ORLANDO, FLA. (Ivanhoe Newswire) — Summer is coming and that means more time outdoors and in the sun. But too much sunlight can wreak havoc on your eyes if you don’t protect them. It’s a scary fact, but three point two million people go blind every year due to prolonged UV exposure and whether you’re at the pool, beach, or park. Before you head out, don’t forget to grab your shades!

UV levels from the sun’s rays are three times greater in summer than winter and can damage the eye and lead to cataracts, macular degeneration, ocular melanoma, and other conditions. To stay safe, make sure you pick the right pair of sunglasses. First, look for a sticker that says 100 percent UV protection from all UV light. Polarized lenses reduce glare that bounces off reflective surfaces, but polarization alone doesn’t provide UV protection. And the color of the lens doesn’t necessarily matter.

“A dark pair of glasses well may be your preference doesn’t mean you have great UV protection,” states Dr. George A. Cioffi. UV absorbing chemicals on sunglasses are colorless, so clear lenses can block light just as well as dark ones. Also, sunglasses don’t have to be expensive to be effective. Drugstore glasses labeled as 100 percent UV blocking are a better choice than designer glasses that don’t offer the protection. And the size of the lens does matter. Larger and oversized lenses provide the most protection.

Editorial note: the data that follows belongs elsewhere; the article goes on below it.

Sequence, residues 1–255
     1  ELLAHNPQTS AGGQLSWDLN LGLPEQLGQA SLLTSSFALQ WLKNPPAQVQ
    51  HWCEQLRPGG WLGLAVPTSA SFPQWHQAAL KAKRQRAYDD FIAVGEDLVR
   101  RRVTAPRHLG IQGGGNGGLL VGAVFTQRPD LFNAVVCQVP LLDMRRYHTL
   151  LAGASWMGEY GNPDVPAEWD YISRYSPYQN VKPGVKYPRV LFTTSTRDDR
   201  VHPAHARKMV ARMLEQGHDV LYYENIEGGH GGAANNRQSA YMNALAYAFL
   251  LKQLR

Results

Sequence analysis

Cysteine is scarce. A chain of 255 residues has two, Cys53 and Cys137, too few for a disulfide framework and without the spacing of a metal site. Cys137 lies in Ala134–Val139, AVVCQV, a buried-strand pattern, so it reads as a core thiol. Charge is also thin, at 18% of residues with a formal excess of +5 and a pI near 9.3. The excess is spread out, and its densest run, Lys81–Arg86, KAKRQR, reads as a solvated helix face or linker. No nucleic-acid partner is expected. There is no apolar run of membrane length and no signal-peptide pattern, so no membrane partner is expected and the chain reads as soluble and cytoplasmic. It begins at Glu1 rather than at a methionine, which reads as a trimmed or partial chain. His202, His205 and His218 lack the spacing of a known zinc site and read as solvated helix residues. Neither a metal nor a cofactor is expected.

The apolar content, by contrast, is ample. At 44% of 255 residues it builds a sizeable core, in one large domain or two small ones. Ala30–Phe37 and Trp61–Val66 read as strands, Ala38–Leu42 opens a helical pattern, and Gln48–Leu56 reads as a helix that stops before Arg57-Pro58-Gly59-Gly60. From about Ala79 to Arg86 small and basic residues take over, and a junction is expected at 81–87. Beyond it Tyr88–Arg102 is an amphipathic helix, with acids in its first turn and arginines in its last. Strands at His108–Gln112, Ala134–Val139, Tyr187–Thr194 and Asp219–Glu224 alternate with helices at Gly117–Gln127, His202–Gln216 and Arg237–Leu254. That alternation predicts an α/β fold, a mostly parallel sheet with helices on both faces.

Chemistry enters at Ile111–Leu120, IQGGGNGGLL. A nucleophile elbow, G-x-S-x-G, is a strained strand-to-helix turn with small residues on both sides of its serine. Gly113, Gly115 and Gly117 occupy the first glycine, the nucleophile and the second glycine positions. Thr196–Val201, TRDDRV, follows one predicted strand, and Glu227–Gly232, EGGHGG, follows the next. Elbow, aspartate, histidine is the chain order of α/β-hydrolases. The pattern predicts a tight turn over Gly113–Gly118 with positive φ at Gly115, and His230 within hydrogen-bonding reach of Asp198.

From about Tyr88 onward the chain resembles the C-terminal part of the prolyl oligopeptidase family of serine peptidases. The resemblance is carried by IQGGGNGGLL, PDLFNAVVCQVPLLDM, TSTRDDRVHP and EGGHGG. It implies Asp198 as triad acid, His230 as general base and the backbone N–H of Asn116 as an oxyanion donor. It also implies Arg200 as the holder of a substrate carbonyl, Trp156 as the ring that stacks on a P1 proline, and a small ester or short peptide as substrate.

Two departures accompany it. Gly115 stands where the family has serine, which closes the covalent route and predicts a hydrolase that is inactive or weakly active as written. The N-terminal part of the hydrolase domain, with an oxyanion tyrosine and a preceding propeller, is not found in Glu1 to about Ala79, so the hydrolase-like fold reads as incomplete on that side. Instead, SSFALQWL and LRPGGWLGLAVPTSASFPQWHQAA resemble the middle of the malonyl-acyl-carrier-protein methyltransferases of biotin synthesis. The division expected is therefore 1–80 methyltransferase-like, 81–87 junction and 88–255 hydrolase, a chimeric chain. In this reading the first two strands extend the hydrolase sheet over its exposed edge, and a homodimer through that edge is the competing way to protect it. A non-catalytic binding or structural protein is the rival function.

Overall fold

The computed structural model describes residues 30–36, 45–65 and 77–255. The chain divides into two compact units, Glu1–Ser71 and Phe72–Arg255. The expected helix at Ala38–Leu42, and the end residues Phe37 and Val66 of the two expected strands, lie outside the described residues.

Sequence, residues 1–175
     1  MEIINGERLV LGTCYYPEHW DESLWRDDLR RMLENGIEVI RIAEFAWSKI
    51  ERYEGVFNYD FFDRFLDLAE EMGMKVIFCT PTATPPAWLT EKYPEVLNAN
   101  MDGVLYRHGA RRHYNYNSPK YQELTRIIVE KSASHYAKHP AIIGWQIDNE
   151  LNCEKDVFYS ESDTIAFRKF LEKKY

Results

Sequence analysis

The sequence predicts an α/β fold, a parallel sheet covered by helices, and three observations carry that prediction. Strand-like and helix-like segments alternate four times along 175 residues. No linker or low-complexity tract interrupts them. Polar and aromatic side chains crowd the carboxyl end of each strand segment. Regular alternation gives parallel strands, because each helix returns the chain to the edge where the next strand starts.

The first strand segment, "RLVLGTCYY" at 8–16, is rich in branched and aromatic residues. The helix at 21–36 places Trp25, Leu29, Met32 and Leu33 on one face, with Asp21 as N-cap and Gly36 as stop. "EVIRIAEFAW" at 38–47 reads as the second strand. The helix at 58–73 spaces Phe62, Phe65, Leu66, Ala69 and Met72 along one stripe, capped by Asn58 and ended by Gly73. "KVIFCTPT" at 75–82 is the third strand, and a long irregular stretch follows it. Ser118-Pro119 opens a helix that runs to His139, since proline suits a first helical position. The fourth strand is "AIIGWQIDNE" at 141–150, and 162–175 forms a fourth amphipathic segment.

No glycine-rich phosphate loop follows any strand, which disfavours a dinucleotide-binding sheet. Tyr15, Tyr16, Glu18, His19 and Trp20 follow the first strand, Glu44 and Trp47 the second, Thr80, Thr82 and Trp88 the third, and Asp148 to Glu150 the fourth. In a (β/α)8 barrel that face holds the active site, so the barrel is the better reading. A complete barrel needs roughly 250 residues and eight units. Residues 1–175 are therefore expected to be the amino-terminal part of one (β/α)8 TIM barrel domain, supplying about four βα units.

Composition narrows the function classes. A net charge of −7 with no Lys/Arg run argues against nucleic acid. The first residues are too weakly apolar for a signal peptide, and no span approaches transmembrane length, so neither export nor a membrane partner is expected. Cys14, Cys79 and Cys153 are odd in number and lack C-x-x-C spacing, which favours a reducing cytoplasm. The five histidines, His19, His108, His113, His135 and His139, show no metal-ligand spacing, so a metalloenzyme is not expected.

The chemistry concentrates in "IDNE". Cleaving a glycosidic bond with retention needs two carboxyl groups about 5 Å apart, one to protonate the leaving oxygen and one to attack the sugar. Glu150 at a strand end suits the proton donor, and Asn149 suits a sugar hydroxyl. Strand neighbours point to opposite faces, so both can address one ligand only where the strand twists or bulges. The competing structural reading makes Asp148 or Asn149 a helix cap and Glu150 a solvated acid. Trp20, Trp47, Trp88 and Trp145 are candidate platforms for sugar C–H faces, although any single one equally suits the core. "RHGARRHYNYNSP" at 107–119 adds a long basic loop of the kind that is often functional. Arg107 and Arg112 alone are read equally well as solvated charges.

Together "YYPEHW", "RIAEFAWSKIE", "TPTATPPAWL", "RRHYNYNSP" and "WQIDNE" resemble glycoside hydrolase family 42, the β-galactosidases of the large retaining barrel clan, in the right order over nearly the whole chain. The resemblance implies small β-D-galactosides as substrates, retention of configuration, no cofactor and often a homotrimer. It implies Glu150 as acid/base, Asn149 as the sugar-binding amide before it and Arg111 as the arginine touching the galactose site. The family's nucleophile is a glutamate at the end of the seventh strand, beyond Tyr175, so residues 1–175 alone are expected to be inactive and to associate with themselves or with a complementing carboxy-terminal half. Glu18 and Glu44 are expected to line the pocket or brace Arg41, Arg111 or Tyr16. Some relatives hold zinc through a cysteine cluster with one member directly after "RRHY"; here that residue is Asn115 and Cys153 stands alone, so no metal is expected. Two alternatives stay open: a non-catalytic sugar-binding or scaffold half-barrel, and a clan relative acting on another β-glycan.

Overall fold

They should wrap around a bit,” says Dr. Cioffi.

People with green, hazel, or blue eyes are more sensitive to light and more susceptible to u-v damage. Sunglasses should be worn at all times when outdoors during the day when the UV index is three or above. They should also be worn regardless of cloudiness, as more than 90 percent of rays can penetrate through cloud.

Sources:

https://www.tdi.texas.gov/pubs/videoresource/fssunglasses.pdf

https://www.aao.org/eye-health/glasses-contacts/sunglasses-3

https://optimaeye.com/are-light-eyes-more-susceptible-to-uv-damage/

Contributors to this news report include: Marsha Lewis, Producer; Roque Correa, Videographer and Editor

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